Start by picking one note or group of notes. Try this pattern on the other string combinations of the pentatonic scale as shown in the session. Upstroke Pull-Off Technique This is a technique that is used in blues guitar playing to create fast licks. Creativity gets better with practice. finger patterns and the like. the notes aren’t the goal as you are practicing playing by ear. Finger patterns alone don’t make a very interesting solo but they can help get you started. Remember. don’t give up. You can start a solo from a familiar starting point but don’t end there. It is the combination between the upstroke with the pick on the bottom of the two strings and the pull-off with the fretting finger on the adjacent upper string that creates the speed in this riff. it’s the creativity being guided by your ear that is the goal. Don’t give up after the first few times. Practice with the tracks often to get the practice necessary for playing an effective solo by ear. Throughout this course you have learned numerous concepts. Go beyond familiar finger patterns and licks. Force yourself to be creative. Experiment with creating ideas out of a very limited supply of notes. The focus of the example is the upstroke and pull-off technique that can then be applied to any number of combinations of notes. Experiment with incorporating this technique in your soloing with a variety of ideas and places on the neck.com/bluesresources . the blues scale or the sliding 6ths riff and begin there. This example is based on a Bb minor pentatonic scale. riffs. Stay out of the rut of the familiar. It may take a month before you start to feel comfortable soloing. Pick one of these as a starting point. scales. Playing Tip Use the jam along CD and DVD to help you learn how to solo. Blues Guitar with Steve Krenz 73 www.learnandmaster. For example.Session 6: Mastering the Blues • • • • Use the musical tools you have. The notes in this example are not the focus.

Listen to some great blues guitarists—either live in person or on recordings.Session 6: Mastering the Blues Assignment Here is your assignment for this session. Practice the Upstroke Pull-Off technique. Join or start a band. Steve at the Nashville Jazz Workshop during a video shoot for Gibson.com/bluesresources . here are some things to do as you move on from here. The Next Step Now that you have gone through this resource. Blues Guitar with Steve Krenz 74 www.learnandmaster. Leave time in your practice times for creativity. Play through the various songs on the Jam Along tracks.com. • • • • Get familiar with the various styles of the blues. Practice soloing using your ear to guide you. • • • • • Play your guitar every day. Seek out some musicians to play with.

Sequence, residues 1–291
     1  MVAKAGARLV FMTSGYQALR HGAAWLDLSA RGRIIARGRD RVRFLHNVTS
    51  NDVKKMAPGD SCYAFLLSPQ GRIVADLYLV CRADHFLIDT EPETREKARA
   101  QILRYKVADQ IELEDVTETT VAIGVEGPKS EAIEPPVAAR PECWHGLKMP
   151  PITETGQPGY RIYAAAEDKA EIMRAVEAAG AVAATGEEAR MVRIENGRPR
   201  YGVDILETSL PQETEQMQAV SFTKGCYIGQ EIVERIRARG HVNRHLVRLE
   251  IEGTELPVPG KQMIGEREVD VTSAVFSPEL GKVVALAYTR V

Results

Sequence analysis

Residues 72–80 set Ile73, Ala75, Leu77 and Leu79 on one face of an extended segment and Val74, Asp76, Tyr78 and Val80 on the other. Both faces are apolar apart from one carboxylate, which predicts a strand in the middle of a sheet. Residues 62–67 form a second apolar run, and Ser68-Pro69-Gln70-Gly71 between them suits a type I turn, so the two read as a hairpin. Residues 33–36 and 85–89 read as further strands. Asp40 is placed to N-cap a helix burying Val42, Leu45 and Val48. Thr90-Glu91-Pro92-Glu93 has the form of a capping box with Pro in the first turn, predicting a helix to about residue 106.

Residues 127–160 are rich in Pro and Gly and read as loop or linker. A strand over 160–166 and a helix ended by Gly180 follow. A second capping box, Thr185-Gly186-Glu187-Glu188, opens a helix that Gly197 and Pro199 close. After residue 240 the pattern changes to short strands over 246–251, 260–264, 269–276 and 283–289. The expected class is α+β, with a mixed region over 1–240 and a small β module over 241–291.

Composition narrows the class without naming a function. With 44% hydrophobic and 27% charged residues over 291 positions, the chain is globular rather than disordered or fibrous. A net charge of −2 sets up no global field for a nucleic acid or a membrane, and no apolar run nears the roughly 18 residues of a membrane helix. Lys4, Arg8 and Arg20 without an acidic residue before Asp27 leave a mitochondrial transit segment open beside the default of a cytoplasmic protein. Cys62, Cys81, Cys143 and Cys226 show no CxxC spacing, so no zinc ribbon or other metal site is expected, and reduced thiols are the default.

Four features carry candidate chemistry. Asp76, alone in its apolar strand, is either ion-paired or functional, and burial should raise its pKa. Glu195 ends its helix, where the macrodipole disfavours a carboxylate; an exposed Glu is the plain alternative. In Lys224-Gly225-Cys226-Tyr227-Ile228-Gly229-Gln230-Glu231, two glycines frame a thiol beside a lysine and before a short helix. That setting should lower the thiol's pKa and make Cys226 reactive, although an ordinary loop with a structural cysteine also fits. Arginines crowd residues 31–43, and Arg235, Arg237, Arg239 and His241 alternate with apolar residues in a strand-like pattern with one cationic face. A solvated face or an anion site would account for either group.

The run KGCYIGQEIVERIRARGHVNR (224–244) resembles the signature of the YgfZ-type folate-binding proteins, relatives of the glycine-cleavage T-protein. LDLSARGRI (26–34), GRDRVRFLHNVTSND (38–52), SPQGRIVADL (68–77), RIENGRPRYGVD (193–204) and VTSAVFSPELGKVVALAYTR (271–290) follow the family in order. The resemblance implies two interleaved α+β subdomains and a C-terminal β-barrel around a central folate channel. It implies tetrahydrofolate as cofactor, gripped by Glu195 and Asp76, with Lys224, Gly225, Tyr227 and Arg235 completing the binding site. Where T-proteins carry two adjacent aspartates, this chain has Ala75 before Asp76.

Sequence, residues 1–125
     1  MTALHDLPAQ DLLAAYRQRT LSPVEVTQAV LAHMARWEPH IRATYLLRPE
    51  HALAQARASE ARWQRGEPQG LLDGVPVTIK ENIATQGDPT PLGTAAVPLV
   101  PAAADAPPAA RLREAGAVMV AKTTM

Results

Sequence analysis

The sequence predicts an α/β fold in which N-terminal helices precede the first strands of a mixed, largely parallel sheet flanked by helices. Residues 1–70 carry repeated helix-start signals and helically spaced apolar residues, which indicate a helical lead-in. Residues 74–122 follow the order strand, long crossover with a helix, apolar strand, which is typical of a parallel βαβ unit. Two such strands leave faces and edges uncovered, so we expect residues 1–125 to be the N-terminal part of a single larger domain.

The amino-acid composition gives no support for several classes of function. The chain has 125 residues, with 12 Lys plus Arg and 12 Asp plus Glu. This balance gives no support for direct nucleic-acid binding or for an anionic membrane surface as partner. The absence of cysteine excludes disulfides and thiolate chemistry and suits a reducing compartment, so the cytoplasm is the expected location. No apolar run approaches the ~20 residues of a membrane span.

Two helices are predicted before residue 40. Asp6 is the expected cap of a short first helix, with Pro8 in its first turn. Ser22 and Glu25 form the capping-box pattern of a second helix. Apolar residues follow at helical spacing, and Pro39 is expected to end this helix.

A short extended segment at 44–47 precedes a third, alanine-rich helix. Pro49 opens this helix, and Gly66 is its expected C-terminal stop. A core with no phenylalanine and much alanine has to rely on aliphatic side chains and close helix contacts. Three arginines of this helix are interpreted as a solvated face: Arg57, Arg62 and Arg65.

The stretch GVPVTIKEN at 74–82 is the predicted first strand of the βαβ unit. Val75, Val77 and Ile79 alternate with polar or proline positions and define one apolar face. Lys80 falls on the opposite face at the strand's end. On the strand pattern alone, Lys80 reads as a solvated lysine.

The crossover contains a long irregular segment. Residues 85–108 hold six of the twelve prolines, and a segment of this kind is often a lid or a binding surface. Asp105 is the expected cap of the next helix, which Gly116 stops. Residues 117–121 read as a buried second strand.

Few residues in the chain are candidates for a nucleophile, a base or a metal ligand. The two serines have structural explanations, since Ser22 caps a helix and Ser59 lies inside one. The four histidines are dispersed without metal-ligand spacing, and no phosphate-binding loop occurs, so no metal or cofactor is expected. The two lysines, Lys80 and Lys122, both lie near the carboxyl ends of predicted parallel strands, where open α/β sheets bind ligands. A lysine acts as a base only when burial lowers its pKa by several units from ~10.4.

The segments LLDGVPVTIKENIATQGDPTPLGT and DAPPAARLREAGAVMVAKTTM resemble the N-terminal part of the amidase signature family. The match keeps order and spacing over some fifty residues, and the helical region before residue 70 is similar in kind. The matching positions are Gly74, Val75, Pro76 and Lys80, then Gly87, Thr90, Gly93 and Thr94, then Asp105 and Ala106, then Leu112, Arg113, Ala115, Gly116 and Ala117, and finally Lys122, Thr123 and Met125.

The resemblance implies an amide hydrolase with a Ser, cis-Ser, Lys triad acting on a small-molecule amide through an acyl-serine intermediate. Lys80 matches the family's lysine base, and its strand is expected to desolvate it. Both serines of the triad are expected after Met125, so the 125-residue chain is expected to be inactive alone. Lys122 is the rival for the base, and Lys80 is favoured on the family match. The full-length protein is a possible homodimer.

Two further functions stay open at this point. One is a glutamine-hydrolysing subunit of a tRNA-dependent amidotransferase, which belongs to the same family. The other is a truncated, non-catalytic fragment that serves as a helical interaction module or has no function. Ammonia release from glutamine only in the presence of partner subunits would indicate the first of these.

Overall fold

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Track 1 DVD C F Bb Sax Fills Eb Ab Db Harmonica Fills Gb B E Harmonica Fills A D G Sax Fills C Last Key Here is the music to the last time through in the key of C and the ending.com/bluesresources .learnandmaster.Jam Along Songs Around the World Blues Play in the keys of… Jam Along CD . Blues Guitar with Steve Krenz 76 ! www.

Jam Along Songs Blues Track Jam Along CD .com/bluesresources .Track 2 Blues Guitar with Steve Krenz 77 ! www.learnandmaster.

Track 3 Blues Guitar with Steve Krenz 78 ! www.com/bluesresources .learnandmaster.Jam Along Songs Bluesy Jam Along CD .

com/bluesresources .Track 4 Blues Guitar with Steve Krenz 79 ! www.learnandmaster.Jam Along Songs The Cats Meow Jam Along CD .

Jam Along Songs Curbside Shuffle Jam Along CD .com/bluesresources .Track 5 This is a great song to practice soloing with.learnandmaster. Blues Guitar with Steve Krenz 80 ! www. It is slow enough to give you time to explore ideas.

com/bluesresources . Blues Guitar with Steve Krenz 81 ! www.Track 6 This is a great song to practice the pentatonic diads discussed in Session 5.Jam Along Songs Fatboy Jam Along CD . You can use diads based from the A minor pentatonic scale at the 5th fret.learnandmaster.

learnandmaster.Jam Along Songs Blues Guitar with Steve Krenz 82 ! www.com/bluesresources .

Track 7 Blues Guitar with Steve Krenz 83 ! www.learnandmaster.Jam Along Songs Grind and Flail This is a great song to practice the Boogie-Woogie 5ths pattern from Session 2.com/bluesresources . Jam Along CD .